Contributing

We are happy you have decided to contribute to twine.

Please see the GitHub repository for code and more documentation, and the official Python Packaging User Guide for user documentation. You can also join #pypa or #pypa-dev on Freenode, or the pypa-dev mailing list, to ask questions or get involved.

Getting started

We recommend you use a development environment. Using a virtualenv keeps your development environment isolated, so twine and its dependencies do not interfere with other packages installed on your machine. You can use virtualenv or pipenv to isolate your development environment.

Clone the twine repository from GitHub, and then make and activate a virtual environment that uses Python 3.6 or newer as the default Python. Example:

mkvirtualenv -p /usr/bin/python3.7 twine

Then, run the following command:

pip install -e /path/to/your/local/twine

Now, in your virtual environment, twine is pointing at your local copy, so when you make changes, you can easily see their effect.

Building the documentation

Additions and edits to twine’s documentation are welcome and appreciated.

We use tox to build docs. Activate your virtual environment, then install tox.

pip install tox

If you are using pipenv to manage your virtual environment, you may need the tox-pipenv plugin so that tox can use pipenv environments instead of virtualenvs.

After making docs changes, lint and build the docs locally, using tox, before making a pull request. Activate your virtual environment, then, in the root directory, run:

tox -e docs

The HTML of the docs will be visible in twine/docs/_build/.

Testing

Tests with twine are run using tox, and tested against Python versions 3.6, 3.7, and 3.8. To run these tests locally, you will need to have these versions of Python installed on your machine.

Either use tox to build against all supported Python versions (if you have them installed) or use tox -e py{version} to test against a specific version, e.g., tox -e py36 or tox -e py37.

Also, always run tox -e lint before submitting a pull request.

Submitting changes

  1. Fork the GitHub repository.
  2. Make a branch off of master and commit your changes to it.
  3. Run the tests with tox and lint any docs changes with tox -e docs.
  4. Ensure that your name is added to the end of the AUTHORS file using the format Name <email@domain.com> (url), where the (url) portion is optional.
  5. Submit a pull request to the master branch on GitHub.

Architectural overview

Twine is a command-line tool for interacting with PyPI securely over HTTPS. Its three purposes are to be:

  1. A user-facing tool for publishing on pypi.org
  2. A user-facing tool for publishing on other Python package indexes (e.g., devpi instances)
  3. A useful API for other programs (e.g., zest.releaser) to call for publishing on any Python package index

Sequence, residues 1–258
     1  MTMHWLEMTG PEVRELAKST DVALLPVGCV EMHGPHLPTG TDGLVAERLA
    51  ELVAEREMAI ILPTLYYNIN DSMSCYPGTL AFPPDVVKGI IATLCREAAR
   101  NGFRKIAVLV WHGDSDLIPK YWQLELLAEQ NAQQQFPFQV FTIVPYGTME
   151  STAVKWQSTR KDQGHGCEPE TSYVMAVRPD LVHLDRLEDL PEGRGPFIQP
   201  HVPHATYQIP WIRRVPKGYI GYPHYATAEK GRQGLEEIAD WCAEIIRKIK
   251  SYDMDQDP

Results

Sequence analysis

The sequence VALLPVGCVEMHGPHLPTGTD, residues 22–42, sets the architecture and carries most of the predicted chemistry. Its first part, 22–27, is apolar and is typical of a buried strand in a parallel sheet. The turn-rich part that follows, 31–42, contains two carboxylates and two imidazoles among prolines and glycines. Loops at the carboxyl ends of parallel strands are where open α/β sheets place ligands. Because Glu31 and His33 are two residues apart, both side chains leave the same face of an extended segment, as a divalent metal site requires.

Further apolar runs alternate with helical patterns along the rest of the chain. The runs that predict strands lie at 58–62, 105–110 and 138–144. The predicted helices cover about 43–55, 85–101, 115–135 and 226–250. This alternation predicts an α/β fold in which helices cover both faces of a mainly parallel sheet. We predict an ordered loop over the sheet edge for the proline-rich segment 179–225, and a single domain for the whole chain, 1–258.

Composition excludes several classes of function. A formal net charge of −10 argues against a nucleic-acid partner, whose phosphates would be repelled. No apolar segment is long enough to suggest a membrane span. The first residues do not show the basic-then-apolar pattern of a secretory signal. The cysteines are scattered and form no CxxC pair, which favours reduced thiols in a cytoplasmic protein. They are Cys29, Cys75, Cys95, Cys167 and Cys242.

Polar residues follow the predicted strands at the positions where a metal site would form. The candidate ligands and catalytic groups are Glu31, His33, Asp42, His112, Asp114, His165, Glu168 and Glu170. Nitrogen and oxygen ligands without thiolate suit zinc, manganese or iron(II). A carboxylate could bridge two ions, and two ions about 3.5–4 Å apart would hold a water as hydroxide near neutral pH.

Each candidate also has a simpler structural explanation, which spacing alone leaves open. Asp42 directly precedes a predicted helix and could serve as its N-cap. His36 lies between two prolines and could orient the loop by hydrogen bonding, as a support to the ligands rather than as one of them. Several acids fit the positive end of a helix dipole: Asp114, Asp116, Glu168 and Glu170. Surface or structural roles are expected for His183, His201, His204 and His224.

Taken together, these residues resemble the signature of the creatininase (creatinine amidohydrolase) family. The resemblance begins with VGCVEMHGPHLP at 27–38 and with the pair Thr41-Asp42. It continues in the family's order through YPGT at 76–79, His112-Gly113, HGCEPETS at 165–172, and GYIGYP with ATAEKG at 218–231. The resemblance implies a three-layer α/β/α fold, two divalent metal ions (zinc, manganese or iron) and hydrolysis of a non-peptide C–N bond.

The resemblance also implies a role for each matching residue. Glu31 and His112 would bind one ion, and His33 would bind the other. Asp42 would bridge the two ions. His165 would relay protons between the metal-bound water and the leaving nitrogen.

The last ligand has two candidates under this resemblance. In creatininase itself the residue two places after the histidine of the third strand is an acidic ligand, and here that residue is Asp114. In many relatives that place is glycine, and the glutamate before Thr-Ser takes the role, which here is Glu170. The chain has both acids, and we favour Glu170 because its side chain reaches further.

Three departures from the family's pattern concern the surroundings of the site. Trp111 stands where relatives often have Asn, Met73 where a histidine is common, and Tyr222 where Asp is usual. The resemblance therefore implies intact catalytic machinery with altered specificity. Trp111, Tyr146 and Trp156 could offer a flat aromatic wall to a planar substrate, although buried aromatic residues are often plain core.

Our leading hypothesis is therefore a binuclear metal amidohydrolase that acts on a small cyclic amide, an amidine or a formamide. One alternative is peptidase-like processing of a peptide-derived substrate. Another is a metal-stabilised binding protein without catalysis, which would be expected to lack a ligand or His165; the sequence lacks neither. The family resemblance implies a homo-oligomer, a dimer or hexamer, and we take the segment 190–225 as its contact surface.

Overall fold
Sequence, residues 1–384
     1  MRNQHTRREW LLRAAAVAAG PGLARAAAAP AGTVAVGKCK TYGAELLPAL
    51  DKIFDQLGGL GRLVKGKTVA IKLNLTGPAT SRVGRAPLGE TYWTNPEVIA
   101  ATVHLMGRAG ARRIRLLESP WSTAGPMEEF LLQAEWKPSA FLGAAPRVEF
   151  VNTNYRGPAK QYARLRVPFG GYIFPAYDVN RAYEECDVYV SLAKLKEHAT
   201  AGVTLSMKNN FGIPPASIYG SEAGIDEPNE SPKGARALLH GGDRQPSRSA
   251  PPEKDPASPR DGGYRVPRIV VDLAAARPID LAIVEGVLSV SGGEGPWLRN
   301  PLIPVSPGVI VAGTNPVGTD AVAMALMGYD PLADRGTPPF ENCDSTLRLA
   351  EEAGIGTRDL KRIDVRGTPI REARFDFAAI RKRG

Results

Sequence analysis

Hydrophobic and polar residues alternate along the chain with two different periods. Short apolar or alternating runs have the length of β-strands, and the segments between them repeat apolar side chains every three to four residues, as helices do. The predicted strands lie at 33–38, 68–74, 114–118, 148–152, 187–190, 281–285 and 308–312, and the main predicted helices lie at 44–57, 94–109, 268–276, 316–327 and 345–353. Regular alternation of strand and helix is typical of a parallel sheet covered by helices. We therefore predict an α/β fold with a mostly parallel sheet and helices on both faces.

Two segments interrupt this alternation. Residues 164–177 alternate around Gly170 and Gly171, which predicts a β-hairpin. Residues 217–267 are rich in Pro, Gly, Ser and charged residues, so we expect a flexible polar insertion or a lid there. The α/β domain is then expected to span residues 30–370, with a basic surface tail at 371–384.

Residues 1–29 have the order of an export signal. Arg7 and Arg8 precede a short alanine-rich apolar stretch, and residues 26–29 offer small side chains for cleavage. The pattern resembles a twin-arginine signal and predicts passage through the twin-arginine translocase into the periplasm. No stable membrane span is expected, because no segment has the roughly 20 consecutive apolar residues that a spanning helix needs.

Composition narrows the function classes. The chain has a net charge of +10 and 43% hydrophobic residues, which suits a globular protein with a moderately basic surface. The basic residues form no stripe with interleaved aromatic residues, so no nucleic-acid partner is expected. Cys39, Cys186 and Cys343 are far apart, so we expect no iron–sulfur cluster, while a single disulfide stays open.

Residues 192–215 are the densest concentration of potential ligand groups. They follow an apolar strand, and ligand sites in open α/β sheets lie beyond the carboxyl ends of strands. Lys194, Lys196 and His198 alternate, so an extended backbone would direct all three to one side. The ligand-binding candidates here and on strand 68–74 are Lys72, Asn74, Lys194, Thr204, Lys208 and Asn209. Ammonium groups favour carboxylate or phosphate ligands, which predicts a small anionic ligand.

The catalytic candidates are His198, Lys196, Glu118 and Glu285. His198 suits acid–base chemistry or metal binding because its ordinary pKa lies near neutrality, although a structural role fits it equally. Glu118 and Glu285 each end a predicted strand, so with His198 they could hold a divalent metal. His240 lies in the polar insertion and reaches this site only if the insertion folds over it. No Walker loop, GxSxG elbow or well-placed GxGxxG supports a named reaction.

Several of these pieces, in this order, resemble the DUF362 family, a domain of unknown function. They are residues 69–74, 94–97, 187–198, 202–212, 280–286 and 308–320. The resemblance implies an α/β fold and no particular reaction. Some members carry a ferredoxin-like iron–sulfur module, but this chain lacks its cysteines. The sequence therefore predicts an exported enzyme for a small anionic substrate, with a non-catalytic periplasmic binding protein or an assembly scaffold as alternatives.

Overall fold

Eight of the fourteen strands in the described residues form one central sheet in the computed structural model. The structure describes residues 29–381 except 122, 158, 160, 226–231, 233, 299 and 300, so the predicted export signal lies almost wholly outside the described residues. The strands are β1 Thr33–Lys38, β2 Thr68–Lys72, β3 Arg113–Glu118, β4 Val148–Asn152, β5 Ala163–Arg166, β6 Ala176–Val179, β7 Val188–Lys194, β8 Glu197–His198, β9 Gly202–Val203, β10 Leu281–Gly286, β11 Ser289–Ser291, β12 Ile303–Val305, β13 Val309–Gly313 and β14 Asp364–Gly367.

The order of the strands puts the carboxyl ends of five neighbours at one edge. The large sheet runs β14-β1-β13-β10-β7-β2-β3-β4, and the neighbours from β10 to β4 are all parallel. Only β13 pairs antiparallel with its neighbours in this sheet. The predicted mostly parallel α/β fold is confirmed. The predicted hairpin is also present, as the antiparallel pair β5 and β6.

Currently, twine has two principle functions: uploading new packages and registering new projects (register is no longer supported on PyPI, and is in Twine for use with other package indexes).

Its command line arguments are parsed in twine/cli.py. The code for registering new projects is in twine/commands/register.py, and the code for uploading is in twine/commands/upload.py. The file twine/package.py contains a single class, PackageFile, which hashes the project files and extracts their metadata. The file twine/repository.py contains the Repository class, whose methods control the URL the package is uploaded to (which the user can specify either as a default, in the .pypirc file, or pass on the command line), and the methods that upload the package securely to a URL.

Where Twine gets configuration and credentials

A user can set the repository URL, username, and/or password via command line, .pypirc files, environment variables, and keyring.

Adding a maintainer

A checklist for adding a new maintainer to the project.

  1. Add them as a Member in the GitHub repo settings. (This will also give them privileges on the Travis CI project.)
  2. Get them Test PyPI and canon PyPI usernames and add them as a Maintainer on our Test PyPI project and canon PyPI.

Making a new release

A checklist for creating, testing, and distributing a new version.

  1. Choose a version number, e.g. “1.15.0”
  2. Update the changelog:
    1. Add missing changes to docs/changelog.rst.
    2. Add a release line at the beginning referencing the release and the date of the release.
    3. Commit, push, ensure Travis build passes.
  3. Create a new git tag with git tag -m tag {number}.
  4. Push the new tag: git push upstream {number}.
  5. Watch the release in Travis.
  6. Send announcement email to pypa-dev mailing list and celebrate.

Future development

See our open issues.

In the future, pip and twine may merge into a single tool; see ongoing discussion.